Watch this film and watch Underground. Eyes will be opened to see strength burst forward. One can only bear their own brutality for so long. Peaceful Non-Violent Protest helps spread the word of good for the ones showing non-violence. Why does it seem Non-violence is too often met with mostly White men turning the hoses back on; metaphorically speaking.

10 tobacco burn slaves in yard waiting

Too many sadists exist in the world. Not being one, is a way to diminish the crowd. Watch out for those Neo-Nazi White Supremacists. They have the notion they’re in control, when in actuality, the world is becoming the color of the Rainbow and beyond. That’s the world I want to live in.

11 tabacco burn female slaves in the field

Terrorists, go find an island somewhere and practice your violence on each other and leave the rest of us alone to live in peace.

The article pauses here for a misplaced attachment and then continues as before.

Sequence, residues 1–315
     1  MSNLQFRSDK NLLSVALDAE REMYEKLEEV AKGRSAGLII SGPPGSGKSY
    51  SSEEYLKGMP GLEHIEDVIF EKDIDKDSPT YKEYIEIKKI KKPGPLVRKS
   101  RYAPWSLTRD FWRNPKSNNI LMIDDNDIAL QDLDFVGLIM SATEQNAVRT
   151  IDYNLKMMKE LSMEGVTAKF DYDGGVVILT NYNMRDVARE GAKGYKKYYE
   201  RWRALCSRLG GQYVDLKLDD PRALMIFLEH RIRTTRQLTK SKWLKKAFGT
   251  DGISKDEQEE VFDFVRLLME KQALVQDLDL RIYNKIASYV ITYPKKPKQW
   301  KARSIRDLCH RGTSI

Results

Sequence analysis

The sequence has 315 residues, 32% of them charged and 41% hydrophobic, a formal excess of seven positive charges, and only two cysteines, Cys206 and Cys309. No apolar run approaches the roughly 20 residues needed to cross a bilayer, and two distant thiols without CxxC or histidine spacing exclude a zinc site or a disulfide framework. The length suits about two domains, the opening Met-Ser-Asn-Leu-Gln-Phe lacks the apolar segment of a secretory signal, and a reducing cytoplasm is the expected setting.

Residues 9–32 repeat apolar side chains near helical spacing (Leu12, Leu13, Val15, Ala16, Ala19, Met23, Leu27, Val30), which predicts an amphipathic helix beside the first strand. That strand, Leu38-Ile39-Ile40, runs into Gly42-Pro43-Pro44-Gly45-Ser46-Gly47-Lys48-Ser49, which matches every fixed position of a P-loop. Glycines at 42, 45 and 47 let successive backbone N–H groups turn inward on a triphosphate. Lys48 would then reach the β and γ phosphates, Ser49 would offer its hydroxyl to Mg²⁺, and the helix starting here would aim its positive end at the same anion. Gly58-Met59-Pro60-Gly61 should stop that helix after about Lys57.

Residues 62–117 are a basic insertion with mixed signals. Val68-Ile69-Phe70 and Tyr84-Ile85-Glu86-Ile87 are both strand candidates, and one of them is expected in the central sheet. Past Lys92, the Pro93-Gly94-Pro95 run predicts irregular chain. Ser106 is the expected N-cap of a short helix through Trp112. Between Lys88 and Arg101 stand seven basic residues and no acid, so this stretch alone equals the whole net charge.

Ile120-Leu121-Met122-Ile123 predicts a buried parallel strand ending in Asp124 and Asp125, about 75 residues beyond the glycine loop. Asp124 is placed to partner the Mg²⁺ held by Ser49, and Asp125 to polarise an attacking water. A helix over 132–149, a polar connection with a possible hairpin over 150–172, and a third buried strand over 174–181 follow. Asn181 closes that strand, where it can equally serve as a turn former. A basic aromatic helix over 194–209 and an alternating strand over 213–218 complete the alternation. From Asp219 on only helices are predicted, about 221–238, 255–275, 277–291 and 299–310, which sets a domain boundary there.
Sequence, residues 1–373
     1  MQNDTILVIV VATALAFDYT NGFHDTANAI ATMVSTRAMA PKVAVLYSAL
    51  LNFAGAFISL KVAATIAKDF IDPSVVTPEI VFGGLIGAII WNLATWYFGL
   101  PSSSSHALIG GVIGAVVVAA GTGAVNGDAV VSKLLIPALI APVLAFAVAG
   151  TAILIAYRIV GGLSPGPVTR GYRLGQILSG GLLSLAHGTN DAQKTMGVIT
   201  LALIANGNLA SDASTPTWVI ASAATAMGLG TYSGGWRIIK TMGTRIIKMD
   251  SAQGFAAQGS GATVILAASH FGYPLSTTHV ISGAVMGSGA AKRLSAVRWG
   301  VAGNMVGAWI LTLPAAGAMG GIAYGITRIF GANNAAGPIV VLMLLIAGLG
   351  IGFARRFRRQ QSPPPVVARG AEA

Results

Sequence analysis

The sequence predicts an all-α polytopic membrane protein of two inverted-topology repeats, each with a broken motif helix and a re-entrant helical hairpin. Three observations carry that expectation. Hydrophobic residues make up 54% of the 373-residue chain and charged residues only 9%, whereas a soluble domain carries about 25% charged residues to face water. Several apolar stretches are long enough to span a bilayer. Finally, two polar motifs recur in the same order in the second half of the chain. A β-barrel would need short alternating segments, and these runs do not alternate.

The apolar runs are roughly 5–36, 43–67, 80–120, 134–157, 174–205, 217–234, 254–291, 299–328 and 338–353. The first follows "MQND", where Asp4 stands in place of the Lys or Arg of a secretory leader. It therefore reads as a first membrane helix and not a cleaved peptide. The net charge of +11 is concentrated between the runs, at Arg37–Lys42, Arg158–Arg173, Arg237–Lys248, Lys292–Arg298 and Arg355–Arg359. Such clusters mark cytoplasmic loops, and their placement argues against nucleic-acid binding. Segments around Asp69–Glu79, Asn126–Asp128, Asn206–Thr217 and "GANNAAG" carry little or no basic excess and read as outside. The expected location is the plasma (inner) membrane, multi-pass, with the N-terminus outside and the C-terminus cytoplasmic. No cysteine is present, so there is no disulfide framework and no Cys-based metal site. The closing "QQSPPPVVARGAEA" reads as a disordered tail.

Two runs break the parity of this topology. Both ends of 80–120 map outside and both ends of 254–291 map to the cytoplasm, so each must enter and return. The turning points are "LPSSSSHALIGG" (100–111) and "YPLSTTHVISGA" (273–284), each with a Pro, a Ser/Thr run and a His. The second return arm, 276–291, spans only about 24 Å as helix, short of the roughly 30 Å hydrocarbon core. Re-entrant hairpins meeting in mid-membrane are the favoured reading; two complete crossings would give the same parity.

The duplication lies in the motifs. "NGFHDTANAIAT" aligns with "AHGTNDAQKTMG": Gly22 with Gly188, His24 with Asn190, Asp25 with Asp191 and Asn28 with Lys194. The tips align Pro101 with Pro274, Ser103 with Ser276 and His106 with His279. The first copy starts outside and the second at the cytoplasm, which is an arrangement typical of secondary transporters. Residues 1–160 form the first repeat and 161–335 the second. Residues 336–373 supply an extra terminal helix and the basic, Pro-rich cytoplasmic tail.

And for those who think people should be segregated and you go so far as to want to build a wall to keep us out. Why don’t you build the wall around yourself instead, then none of us undesirables will ever be able to touch you again and you won’t have to see us either and we don’t have to look at you or listen to you ever again. We have dibs on the world. Where would you like to live?

Brilliant film. Super High Recommendation.  The ending is surprising, yet it is not. – j.kiley

12 tobacco burn the drying shed for tobacco

NEED TO OPEN IN FULL SCREEN MODE/CLICK BETWEEN HD & VIMEO ON LOWER RIGHT SCREEN. A WHITE SQUARE WITH OPEN SIDES. MAY THE FILM TOBACCO ROAD BE AMAZING & ENLIGHTENING FOR YOU

FOR MATURE AUDIENCES ONLY

Tobacco Road – Short Film

Rated: MATURE AUDIENCES ONLY
Genre: Drama
Runtime: 17m 28s

Location: Connecticut
Award: Grand Jury Prize
Best Cinematography…Zachary Halberd
Best Director…Justin Liberman

DIRECTOR…Justin Liberman
PRINCIPAL CAST
Stephen Tyrone Williams
Daralyn Jay
Law Crimlis
Timothy Roselle
Julien Rozzell Jr